This nation has had a remarkable record in the last half century of science driving successful environmental policy that pays back many times the cost of implementation to the American people. While we work for still-needed improvements in air quality, we should also celebrate our successes.

A group of 11 scientists who have studied the effects of air pollution on ecosystems for decades recently published a paper in the journal Environmental Science and Policy highlighting environmental improvements from cost-effective policy driven by science. I am one of those scientists. While scientific research and monitoring can document environmental degradation, they also can document improvements.

Examples reported in this paper include reductions in air pollutants, such as acid rain, ozone, haze, lead and mercury. For example, since the 1970s there has been a continuous decline in atmospheric deposition of sulfur and nitrogen that cause acid rain in much of the eastern United States. This has resulted in decreasing acidity and aluminum in lakes, streams and soils, including evidence from lakes and soils in Maine.

These improvements are directly attributable to the Clean Air Act and other legislation and are cost-effective. One Environmental Protection Agency report estimates the economic benefits of the 1990 Clean Air Act amendments exceed the costs by more than 30 to 1 between 1990 and 2020.

[Greenland is melting faster than at any time in the past 450 years (at least)]

Removal of lead-based fuel additives from gasoline has resulted in a greater than 95 percent decrease in the concentration of lead in air, a direct result of regulations governing air quality. This is good news because lead is a potent neurological toxin to children and has cardiovascular effects on adults, but lead is strongly held by organic matter in soils and will still remain a concern for decades.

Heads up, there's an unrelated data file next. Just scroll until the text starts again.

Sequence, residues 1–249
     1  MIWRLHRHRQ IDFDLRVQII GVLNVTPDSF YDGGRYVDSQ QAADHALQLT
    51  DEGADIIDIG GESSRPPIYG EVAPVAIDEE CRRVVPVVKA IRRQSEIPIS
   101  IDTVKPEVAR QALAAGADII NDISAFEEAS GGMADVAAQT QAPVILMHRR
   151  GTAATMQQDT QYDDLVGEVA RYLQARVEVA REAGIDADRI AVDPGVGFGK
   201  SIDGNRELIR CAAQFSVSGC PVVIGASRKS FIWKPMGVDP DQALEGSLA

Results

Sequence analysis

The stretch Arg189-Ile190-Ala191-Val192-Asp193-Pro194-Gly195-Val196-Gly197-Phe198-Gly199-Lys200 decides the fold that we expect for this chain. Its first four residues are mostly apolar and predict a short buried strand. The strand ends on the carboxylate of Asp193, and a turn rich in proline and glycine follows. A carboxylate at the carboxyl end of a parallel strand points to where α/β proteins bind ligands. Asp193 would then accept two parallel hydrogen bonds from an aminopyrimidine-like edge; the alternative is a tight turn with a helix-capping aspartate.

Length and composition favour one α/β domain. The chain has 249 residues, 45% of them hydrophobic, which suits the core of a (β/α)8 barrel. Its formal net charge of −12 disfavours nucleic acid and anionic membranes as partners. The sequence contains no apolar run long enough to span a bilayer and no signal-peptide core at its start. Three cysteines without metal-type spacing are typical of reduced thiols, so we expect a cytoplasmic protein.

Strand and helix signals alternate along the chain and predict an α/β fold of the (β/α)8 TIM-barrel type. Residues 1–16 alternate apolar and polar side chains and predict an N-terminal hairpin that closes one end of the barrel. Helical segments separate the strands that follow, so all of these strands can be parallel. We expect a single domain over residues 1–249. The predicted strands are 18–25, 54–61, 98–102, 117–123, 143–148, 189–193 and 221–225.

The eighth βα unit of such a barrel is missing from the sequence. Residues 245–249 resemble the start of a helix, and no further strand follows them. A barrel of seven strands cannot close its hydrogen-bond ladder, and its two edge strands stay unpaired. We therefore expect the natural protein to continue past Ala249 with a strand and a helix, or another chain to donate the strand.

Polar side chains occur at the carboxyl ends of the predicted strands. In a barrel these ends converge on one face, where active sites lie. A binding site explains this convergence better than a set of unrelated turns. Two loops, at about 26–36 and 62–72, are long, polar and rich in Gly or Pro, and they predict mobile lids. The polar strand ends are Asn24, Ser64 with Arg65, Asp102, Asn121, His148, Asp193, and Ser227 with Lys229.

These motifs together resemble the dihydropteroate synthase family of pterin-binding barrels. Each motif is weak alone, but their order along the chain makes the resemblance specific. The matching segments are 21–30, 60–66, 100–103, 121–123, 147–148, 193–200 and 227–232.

There is tremendous risk to eliminating from policy debates the science — including environmental monitoring from gadgets on the ground to satellites — that informs us of our progress, alerts us to concerns, and prevents the health of our environment from slipping backward.

In Maine, we still have high levels of lung disease, concerns for sensitive ecosystems from ongoing pollution, and ecosystems that will take decades or longer to recover from past pollution. We still have higher levels of air pollution than areas without downwind sources of pollution, and that means there is work yet to be done. And Maine is also experiencing a changing climate.

But imagine our environment and health today had we not made such significant progress.

We should celebrate how science has guided our achievements in reducing atmospheric lead, tropospheric ozone, haze, acids and mercury. It is hard to imagine credible economic arguments to roll back or avoid cost-effective, science-informed, sound environmental policy. Most of us would not hesitate a second to act if the health impacts of dirty air or water were visited on our children or grandchildren, regardless of the costs.

[Opinion: The Penobscot is polluted with mercury. Without the EPA, it would be much worse.]

As for the future of our planet, we should celebrate success stories in air pollution reduction and apply the same wisdom to rising greenhouse gases that are costing Americans more today than ever before. The Government Accountability Office calculated in a recent report that the federal government alone has spent more than $350 billion over the past decade because of extreme weather and wildfires. NOAA reported that the U.S. spent a record $306 billion to cover the cost of damage from 16 weather and climate disasters last year, each of which cost $1 billion or more.

Continuing to do nothing threatens our future. Retreating from rising seas, lost fisheries, droughts, hurricanes, bomb cyclones, pounding rain storms, ice storms, floods and ticks seems like a poor tradeoff to maintain a fossil-fuel-based economy from the last century.

We know how to do build cost-effective environmental policy based on science and succeed — we should do the same with greenhouse gases today.

Ivan Fernandez is a professor in the School of Forest Resources and Climate Change Institute at the University of Maine in Orono.

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